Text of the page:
Package shinyalert

Dean Attali




Easily create pretty popup messages (modals) in Shiny

Demo · by Dean Attali

Build Status CRAN version

{shinyalert} lets you easily create pretty popup messages (modals) in Shiny.

Modals can contain text, images, OK/Cancel buttons, Shiny inputs, and Shiny outputs (such as plots and tables). A modal can also have a timer to close automatically, and you can specify custom code to run when a modal closes. See the demo Shiny app online for examples.

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Table of contents


Example 1: Simple modal

basic modal

Example 2: Simple input modals

input modal

Example 3: Shiny inputs/outputs in modals

Shiny inputs

Example 4: Chaining modals

chaining modals


{shinyalert} uses the sweetalert JavaScript library to create simple and elegant popups (modals) in Shiny.

Simply call shinyalert() with the desired arguments, such as a title and text, and a modal will show up. In order to be able to call shinyalert() in a Shiny app, you must first call useShinyalert() anywhere in the app’s UI.

Here is a minimal Shiny app code that creates a modal:


ui <- fluidPage(
  useShinyalert(),  # Set up shinyalert
  actionButton("preview", "Preview")

server <- function(input, output, session) {
  observeEvent(input$preview, {
    # Show a modal when the button is pressed
    shinyalert("Oops!", "Something went wrong.", type = "error")

shinyApp(ui, server)


To install the stable CRAN version:


To install the latest development version from GitHub:


Simple input modals

Usually the purpose of a modal is simply informative, to show some information to the user. However, the modal can also be used to retrieve an input from the user by setting the type = "input" parameter.

When using a type="input" modal, only a single input can be used. By default, the input will be a text input, but you can use other input types by specifying the inputType parameter (for example inputType = "number" will expose a numeric input).

Shiny inputs/outputs in modals

While simple input modals are useful for retrieving input from the user, they aren’t very flexible - they only allow one input. You can include any Shiny UI code in a modal, including Shiny inputs and outputs (such as plots), by providing Shiny tags in the text parameter and setting html=TRUE. For example, the following code would produce a modal with two inputs:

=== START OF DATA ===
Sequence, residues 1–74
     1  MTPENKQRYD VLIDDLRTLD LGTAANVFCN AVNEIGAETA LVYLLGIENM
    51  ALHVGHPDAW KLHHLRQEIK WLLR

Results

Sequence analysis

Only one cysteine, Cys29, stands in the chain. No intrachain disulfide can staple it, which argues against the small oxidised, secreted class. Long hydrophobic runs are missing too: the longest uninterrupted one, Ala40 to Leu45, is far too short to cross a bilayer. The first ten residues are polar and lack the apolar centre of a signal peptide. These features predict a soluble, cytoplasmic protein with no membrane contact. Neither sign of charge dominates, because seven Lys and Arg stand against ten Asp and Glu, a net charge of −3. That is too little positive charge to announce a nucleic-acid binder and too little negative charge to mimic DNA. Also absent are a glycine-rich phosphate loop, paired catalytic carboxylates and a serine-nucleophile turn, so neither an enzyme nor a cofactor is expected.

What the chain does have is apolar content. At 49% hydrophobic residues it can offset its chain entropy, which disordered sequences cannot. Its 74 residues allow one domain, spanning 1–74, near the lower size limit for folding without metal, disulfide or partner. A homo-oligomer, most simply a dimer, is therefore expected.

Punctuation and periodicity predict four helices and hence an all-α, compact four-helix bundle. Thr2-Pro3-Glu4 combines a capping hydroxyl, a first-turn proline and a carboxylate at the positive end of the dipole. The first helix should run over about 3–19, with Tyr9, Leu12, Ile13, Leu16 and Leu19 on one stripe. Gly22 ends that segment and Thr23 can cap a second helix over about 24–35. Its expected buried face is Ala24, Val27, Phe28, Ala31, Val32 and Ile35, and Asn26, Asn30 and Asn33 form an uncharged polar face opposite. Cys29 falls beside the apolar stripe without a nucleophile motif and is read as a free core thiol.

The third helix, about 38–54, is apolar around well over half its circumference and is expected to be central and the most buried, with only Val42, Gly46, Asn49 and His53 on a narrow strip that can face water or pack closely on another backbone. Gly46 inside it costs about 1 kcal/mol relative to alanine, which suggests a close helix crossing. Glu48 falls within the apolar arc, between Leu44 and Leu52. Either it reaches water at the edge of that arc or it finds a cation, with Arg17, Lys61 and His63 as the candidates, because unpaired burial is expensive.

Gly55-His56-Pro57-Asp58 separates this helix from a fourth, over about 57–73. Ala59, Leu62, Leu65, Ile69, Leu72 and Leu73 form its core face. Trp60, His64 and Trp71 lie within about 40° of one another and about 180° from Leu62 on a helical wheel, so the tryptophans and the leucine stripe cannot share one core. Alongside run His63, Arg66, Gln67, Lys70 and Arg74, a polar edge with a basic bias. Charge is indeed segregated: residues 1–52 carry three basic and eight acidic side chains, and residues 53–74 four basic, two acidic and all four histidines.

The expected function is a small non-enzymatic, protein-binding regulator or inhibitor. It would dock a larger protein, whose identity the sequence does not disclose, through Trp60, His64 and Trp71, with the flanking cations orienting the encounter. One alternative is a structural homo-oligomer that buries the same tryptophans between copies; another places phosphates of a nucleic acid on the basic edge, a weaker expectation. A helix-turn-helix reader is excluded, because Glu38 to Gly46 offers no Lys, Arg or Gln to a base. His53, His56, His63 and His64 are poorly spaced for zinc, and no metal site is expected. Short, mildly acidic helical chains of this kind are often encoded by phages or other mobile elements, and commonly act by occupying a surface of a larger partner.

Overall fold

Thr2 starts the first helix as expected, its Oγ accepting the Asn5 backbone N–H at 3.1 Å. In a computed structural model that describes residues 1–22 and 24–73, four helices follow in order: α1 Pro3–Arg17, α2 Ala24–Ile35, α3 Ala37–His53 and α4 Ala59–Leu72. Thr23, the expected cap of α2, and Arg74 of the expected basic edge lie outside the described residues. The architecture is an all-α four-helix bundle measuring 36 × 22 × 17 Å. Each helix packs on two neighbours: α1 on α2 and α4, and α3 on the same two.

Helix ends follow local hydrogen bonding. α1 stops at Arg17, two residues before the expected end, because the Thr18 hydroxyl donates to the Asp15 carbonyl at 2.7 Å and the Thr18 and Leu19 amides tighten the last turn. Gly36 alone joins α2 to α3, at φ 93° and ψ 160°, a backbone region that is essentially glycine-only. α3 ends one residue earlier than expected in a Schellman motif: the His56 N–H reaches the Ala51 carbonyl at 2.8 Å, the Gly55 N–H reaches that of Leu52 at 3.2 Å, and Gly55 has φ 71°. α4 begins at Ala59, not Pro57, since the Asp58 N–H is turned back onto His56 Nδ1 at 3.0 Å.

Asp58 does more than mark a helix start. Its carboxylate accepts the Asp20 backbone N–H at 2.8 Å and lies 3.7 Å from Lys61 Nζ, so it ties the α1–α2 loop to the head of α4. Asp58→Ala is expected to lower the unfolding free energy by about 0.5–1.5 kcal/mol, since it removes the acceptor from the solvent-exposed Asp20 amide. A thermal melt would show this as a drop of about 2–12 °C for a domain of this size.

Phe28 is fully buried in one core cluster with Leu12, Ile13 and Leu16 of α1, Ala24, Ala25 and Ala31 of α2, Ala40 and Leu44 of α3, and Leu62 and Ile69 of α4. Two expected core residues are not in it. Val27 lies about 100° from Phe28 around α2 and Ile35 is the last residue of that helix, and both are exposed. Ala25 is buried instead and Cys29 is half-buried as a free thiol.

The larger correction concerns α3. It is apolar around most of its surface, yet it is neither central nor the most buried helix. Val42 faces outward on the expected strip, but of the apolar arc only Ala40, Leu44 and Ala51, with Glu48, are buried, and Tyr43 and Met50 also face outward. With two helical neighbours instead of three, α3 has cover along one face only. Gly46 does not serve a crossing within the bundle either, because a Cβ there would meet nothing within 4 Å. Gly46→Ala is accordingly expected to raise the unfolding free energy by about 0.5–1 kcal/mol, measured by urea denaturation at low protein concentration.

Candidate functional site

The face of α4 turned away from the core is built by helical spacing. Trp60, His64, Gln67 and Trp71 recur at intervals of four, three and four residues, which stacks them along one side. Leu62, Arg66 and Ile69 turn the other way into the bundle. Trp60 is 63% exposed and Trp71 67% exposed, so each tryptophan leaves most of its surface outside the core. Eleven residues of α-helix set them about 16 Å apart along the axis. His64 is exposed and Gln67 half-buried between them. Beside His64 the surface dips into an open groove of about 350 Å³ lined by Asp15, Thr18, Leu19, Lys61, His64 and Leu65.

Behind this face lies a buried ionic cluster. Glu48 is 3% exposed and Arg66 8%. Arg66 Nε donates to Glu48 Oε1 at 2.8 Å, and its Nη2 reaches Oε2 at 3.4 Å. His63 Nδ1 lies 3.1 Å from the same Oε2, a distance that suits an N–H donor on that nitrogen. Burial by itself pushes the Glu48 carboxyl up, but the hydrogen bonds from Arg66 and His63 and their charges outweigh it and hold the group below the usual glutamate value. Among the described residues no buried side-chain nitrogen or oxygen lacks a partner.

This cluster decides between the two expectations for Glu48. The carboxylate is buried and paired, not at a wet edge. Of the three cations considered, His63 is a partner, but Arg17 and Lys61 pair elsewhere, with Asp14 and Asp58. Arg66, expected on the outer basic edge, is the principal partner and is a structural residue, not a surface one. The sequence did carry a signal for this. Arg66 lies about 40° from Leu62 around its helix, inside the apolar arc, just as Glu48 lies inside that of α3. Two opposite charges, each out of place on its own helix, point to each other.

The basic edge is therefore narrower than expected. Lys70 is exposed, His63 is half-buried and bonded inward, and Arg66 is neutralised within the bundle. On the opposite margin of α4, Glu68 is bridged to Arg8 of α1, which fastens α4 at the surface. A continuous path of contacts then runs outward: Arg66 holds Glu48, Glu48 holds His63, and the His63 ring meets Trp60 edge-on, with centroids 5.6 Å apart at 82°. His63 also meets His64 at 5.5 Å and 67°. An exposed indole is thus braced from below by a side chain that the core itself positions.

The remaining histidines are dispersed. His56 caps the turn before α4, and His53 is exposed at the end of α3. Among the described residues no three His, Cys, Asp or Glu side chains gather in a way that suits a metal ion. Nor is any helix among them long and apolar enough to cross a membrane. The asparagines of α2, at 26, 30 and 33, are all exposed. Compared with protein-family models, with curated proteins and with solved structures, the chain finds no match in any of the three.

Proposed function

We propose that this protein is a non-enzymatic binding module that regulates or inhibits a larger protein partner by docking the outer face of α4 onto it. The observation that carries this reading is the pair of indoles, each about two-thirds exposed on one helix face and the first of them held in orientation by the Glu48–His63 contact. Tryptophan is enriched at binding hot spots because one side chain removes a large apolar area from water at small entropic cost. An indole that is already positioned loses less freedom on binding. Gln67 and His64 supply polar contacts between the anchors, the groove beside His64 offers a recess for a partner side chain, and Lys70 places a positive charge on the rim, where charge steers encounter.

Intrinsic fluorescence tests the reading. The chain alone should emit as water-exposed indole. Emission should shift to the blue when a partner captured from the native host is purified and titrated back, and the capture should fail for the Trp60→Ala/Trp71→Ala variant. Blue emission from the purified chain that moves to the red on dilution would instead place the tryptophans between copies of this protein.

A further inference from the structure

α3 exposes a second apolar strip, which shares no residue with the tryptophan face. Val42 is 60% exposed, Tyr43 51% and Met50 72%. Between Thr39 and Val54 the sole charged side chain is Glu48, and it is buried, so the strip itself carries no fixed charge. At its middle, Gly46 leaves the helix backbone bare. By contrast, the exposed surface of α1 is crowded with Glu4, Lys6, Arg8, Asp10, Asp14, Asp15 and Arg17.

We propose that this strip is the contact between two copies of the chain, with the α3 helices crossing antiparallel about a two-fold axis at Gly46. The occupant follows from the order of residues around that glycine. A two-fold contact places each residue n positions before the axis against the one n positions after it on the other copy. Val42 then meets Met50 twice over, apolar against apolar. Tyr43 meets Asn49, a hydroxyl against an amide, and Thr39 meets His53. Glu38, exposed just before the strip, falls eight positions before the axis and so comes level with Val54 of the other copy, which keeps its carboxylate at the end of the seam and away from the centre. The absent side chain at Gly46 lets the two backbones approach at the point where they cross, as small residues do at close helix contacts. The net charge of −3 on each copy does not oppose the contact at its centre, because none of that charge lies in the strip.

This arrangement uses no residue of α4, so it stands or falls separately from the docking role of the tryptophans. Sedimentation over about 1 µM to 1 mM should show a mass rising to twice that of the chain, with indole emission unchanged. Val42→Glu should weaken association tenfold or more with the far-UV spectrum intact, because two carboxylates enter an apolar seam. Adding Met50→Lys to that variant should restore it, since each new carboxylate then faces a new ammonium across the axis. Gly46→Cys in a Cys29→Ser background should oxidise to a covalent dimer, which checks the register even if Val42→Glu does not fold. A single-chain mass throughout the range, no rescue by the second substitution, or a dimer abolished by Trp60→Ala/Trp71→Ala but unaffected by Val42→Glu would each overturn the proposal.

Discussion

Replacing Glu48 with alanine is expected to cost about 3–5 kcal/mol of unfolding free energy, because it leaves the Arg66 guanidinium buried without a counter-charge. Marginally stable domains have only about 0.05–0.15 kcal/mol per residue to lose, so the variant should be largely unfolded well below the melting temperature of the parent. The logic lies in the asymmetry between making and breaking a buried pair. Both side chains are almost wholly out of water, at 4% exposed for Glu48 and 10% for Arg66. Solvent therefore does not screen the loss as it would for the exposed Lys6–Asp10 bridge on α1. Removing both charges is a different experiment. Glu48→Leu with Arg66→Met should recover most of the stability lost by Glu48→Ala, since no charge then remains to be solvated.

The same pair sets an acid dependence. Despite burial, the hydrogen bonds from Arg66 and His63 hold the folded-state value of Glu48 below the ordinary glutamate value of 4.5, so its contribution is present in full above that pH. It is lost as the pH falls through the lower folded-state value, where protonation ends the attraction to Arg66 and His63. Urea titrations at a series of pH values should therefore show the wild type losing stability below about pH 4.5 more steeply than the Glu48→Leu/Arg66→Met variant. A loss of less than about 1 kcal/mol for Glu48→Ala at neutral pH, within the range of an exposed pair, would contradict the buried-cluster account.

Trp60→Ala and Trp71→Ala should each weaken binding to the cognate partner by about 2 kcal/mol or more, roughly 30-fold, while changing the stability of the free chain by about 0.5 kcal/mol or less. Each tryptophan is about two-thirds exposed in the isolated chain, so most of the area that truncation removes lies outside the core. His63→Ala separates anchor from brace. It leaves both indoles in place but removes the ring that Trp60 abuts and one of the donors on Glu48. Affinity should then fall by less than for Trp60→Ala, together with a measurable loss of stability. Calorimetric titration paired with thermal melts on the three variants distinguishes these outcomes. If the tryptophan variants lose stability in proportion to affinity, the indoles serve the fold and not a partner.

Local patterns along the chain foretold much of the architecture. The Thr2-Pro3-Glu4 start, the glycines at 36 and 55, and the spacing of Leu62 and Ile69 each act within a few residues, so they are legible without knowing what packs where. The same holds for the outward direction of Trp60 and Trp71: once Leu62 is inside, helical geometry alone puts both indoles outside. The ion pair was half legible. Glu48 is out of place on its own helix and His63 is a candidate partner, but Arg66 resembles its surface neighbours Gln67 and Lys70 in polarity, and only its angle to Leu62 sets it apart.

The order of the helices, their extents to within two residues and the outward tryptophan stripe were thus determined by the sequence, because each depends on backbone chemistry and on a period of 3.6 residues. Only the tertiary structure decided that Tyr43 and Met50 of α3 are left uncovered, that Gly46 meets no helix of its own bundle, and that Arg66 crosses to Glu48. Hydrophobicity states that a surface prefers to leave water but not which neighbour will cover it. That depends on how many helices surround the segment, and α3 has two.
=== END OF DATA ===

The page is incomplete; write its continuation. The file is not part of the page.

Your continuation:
shinyalert(html = TRUE, text = tagList(
  textInput("name", "What's your name?", "Dean"),
  numericInput("age", "How old are you?", 30),

Modal return value

Modals created with {shinyalert} have a return value when they exit.

When using a simple input modal (type="input"), the value of the modal is the value the user entered. Otherwise, the value of the modal is TRUE if the user clicked the “OK” button, and FALSE if the user dismissed the modal (either by clicking the “Cancel” button, using the Escape key, clicking outside the modal, or letting the timer run out).

The return value of the modal can be accessed via input$shinyalert (or using a different input ID if you specify the inputId parameter), as if it were a regular Shiny input. The return value can also be accessed using the modal callbacks.


The return value of the modal is passed as an argument to the callbackR and callbackJS functions (if a callbackR or callbackJS arguments are provided). These functions get called (in R and in JavaScript, respectively) when the modal exits.

For example, using the following {shinyalert} code will result in a modal with an input field. After the user clicks “OK”, a hello message will be printed to both the R console and in a native JavaScript alert box. You don’t need to provide both callback functions, but in this example both are used for demonstration.

  "Enter your name", type = "input",
  callbackR = function(x) { message("Hello ", x) },
  callbackJS = "function(x) { alert('Hello ' + x); }"

Notice that the callbackR function accepts R code, while the callbackJS function uses JavaScript code.

Since closing the modal with the Escape key results in a return value of FALSE, the callback functions can be modified to not print anything in that case.

  "Enter your name", type = "input",
  callbackR = function(x) { if(x != FALSE) message("Hello ", x) },
  callbackJS = "function(x) { if (x !== false) { alert('Hello ' + x); } }"

Chaining modals

It’s possible to chain modals (call multiple modals one after another) by making a shinyalert() call inside a {shinyalert} callback or using the return value of a previous modal. For example:

  title = "What is your name?", type = "input",
  callbackR = function(value) { shinyalert(paste("Welcome", value)) }

Using in Rmarkdown files

You can use {shinyalert} in Rmarkdown documents by using the rmd = TRUE parameter. This only works in interactive Rmd documents (when runtime: shiny is used in the YAML).

output: html_document
runtime: shiny

```{r setup, include=FALSE}
knitr::opts_chunk$set(echo = FALSE, message = FALSE, warning = FALSE)


useShinyalert(rmd = TRUE)
textInput("name", "Name")
actionButton("button", "Click me")

observeEvent(input$button, {
 shinyalert(title = "Hey", text = input$name)

Comparison with Shiny modals

Doesn’t Shiny already have support for modals?

Yes, it does.

And Shiny’s modals are just fine.

I created {shinyalert} for two reasons: first of all, I started working on it well before Shiny had modals. But I decided to keep working on it and release it even afterwards because I find {shinyalert} to be easier to use and to result in much nicer modals. There are also some extra features in {shinyalert}, such as the callback functions and the timer. But ultimately it’s a matter of convenience and aesthetics.

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